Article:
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When a person becomes disturbed in his heart by seeing lightning in the sky, by seeing a ferocious animal or by hearing a tumultuous sound, his state of mind is called apprehensive. In such a state of apprehension, one tries to take shelter of something that provides safety. There may be standing of the hairs on the body, trembling of the body and sometimes the committing of mistakes. And sometimes the body may become stunned.

In the Padyāvalī there is the following statement: “My dear friend, Kṛṣṇa’s residence in the demoniac circle at Mathurā, under the supremacy of the king of demons, Kaṁsa, is causing me much worry.” This is one instance of apprehending some danger to Kṛṣṇa in ecstatic love for Him.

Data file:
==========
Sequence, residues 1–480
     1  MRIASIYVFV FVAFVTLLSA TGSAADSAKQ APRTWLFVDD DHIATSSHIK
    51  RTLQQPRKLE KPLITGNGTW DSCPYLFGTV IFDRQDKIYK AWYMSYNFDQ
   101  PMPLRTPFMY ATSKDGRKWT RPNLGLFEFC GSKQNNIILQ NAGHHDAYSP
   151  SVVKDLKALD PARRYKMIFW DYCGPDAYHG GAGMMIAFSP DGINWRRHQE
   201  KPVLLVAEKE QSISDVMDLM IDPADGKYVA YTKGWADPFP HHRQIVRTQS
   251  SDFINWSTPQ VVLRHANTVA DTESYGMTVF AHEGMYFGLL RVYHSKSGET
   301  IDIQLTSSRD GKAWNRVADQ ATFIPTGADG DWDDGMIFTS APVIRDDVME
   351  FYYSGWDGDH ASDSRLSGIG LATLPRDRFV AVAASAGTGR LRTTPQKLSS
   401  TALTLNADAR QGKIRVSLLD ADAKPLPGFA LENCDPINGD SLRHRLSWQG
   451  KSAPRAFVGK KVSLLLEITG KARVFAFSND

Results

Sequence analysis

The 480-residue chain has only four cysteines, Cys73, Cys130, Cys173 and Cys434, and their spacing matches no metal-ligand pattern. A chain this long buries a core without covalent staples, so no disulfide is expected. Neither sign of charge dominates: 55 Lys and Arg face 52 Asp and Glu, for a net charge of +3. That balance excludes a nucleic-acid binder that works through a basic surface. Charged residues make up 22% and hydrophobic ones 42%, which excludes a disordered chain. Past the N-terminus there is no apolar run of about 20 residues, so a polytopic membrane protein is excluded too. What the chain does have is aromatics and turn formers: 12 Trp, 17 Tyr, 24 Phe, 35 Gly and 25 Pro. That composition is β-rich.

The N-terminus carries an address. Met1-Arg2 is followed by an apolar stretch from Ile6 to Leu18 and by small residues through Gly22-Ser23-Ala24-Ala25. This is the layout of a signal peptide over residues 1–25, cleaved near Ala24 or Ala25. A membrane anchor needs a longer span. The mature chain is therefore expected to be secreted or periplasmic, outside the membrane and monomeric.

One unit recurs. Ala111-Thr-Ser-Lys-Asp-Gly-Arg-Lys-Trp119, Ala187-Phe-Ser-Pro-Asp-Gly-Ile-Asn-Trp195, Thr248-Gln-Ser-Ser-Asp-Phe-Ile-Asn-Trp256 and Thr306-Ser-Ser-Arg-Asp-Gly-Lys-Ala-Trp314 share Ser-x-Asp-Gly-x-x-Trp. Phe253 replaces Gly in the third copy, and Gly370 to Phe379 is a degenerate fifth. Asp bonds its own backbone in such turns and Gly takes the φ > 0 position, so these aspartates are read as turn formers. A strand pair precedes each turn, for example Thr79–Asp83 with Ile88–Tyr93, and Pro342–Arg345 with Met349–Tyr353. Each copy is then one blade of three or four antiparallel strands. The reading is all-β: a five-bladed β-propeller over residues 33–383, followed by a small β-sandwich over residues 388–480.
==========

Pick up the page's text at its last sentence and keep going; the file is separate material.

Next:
When Vṛṣāsura appeared in Vṛndāvana as a bull, all of the gopīs became greatly affected with fear. Being perturbed in that way, they began to embrace the tamāla trees. This is an instance of fear caused by a ferocious animal and of the search for shelter while remembering Kṛṣṇa in ecstatic love. Upon hearing the jackals crying in the forest of Vṛndāvana, mother Yaśodā sometimes became very careful about keeping Kṛṣṇa under her vigilance, fearing that Kṛṣṇa might be attacked by them. This is an instance of ecstatic love for Kṛṣṇa in fear caused by a tumultuous sound. This kind of fear is a little different from being actually afraid. When one is afraid of something, he can still think of past and future. But when there is this kind of ecstatic apprehension, there is no scope for such thinking.

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